So here's an interesting bit of news: China is putting together a credit scoring system.
Well, that doesn't sound that interesting. But wait till you hear the details.
According to ACLU Senior Policy Analyst Jay Stanley, the system will not just use your financial history, as in the U.S. credit system, but will have a much more "Big Data" approach and will include all of your data — including from your social network account and search history. In fact, the system will be run by Tencent and Alibaba, the companies that run China's biggest social networks.
"[U]sed to calculate scores is information about hobbies, lifestyle, and shopping," Stanley writes. "Buying certain goods will improve your score, while others (such as video games) will lower it."
But wait, that's not all. "In addition to measuring your ability to pay, as in the United States, the scores serve as a measure of political compliance. Among the things that will hurt a citizen’s score are posting political opinions without prior permission, or posting information that the regime does not like[.]"
But wait! It gets even better! "It will hurt your score not only if you do these things, but if any of your friends do them."
And obviously, a high score is explicitly tied to receiving government benefits. Already, people in China are bragging on social networks about getting high scores.
Welcome, as they say, to the Brave New World.
Which, in a post-Snowden era, inevitably raises the question: "Could this happen in the United States?"
I wish the answer was just laughter, and not of the grim kind.
At least without the political compliance bit, Silicon Valley startups are already hard at work, and lavishly funded by venture capital firms, at this very idea, to turn your social networking data into better credit rating information. And in itself, that's not necessarily bad financial innovation — lending money to people who couldn't repay it, after all, was a big factor in the 2008 financial crisis.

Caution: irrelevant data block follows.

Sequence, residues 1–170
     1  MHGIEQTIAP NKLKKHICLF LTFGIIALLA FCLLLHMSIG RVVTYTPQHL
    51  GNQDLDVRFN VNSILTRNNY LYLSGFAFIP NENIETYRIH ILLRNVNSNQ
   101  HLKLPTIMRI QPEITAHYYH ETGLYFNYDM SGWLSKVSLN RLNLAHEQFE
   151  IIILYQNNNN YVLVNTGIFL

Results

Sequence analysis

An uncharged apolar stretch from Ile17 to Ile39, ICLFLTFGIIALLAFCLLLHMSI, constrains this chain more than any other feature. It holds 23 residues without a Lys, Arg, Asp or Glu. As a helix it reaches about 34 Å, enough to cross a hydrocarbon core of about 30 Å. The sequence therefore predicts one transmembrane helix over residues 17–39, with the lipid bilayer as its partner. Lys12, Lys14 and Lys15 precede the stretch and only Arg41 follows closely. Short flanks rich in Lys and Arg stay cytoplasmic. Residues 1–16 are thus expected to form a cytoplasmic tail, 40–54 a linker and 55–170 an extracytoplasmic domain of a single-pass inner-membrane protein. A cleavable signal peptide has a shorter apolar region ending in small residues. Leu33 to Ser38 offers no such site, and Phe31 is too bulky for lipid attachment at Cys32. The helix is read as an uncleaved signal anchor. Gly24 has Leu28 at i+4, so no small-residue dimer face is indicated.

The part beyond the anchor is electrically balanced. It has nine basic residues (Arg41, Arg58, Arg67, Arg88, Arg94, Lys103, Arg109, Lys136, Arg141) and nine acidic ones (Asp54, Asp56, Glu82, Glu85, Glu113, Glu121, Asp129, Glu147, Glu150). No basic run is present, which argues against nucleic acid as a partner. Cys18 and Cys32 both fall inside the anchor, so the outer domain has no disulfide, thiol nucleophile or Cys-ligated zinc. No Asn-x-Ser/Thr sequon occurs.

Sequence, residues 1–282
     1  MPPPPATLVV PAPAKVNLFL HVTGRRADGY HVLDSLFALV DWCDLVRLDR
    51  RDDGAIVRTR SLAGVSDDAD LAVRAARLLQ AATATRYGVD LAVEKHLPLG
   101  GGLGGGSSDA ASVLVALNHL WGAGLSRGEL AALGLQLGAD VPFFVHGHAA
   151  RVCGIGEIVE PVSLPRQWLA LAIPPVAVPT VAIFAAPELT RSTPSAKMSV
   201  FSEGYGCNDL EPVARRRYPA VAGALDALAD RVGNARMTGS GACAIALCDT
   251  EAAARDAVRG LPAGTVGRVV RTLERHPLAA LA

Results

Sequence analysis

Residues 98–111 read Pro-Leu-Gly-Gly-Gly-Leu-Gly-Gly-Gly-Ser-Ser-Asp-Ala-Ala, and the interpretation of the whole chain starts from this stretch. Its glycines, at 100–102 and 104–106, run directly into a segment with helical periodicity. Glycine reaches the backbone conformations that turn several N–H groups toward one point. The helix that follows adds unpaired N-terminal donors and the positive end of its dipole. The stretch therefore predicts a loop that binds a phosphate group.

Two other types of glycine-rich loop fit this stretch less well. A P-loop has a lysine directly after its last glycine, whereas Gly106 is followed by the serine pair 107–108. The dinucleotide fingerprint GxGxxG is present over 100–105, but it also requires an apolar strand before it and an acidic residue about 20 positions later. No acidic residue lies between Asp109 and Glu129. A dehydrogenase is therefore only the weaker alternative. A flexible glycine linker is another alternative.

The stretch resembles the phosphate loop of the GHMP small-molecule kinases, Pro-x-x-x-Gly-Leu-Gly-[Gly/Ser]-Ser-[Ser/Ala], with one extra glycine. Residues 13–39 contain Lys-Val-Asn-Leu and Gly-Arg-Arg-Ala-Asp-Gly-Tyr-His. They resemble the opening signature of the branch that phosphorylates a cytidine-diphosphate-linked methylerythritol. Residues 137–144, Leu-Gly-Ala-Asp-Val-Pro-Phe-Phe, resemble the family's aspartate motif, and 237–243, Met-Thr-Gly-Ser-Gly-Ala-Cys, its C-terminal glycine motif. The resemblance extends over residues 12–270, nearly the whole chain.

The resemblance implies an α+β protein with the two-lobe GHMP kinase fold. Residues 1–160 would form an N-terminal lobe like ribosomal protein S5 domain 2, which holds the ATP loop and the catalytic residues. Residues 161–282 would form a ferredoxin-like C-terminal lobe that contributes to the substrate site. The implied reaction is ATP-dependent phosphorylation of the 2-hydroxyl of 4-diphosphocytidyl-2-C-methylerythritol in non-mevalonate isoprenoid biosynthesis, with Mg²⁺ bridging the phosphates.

But could it morph into something more?
In the left-wing paranoid's version of the story, you could imagine this as a purely private initiative — say, an alliance between Facebook, Google, and Apple and major banks, to provide this as a public service. Of course, you could "opt out" any time you'd like, but you'd find out that if you didn't opt in, you couldn't get a credit card, or you couldn't rent an apartment. Maybe eventually the sort of "speech" that would harm your score wouldn't be political as much as anti-corporate or anti-consumerist. For instance, your score would take a hit if you're critical of the way corporate America is relentlessly hostile to family life.
In the right-wing paranoid's version of the story, it would be a much more government-driven affair, although megacorporations would be all-too willing to participate. In the interest of social justice, minorities and women and people who identify of a different gender than the one they're born in would get a bump. And I'm sure we can find a Harvard economist to put out a model that says if you own a gun, you're a danger to society, and so that should affect your score. And if you don't buy the right kind of health insurance, then for sure, you shouldn't be able to buy a home.
Now obviously this is all just a bit far-fetched. But the problem is that it doesn't feel that far-fetched, does it?
We're all already aware that our employers google us and that we should watch what we post on social networks. And certainly most of us seem to not mind that the government reads our email.
And hey, maybe we shouldn't care. When the new Credit Score System(tm) comes out, don't worry if everything you read from me suddenly becomes very friendly to whatever party is in power. I mean, I have kids, I need to buy them a good home.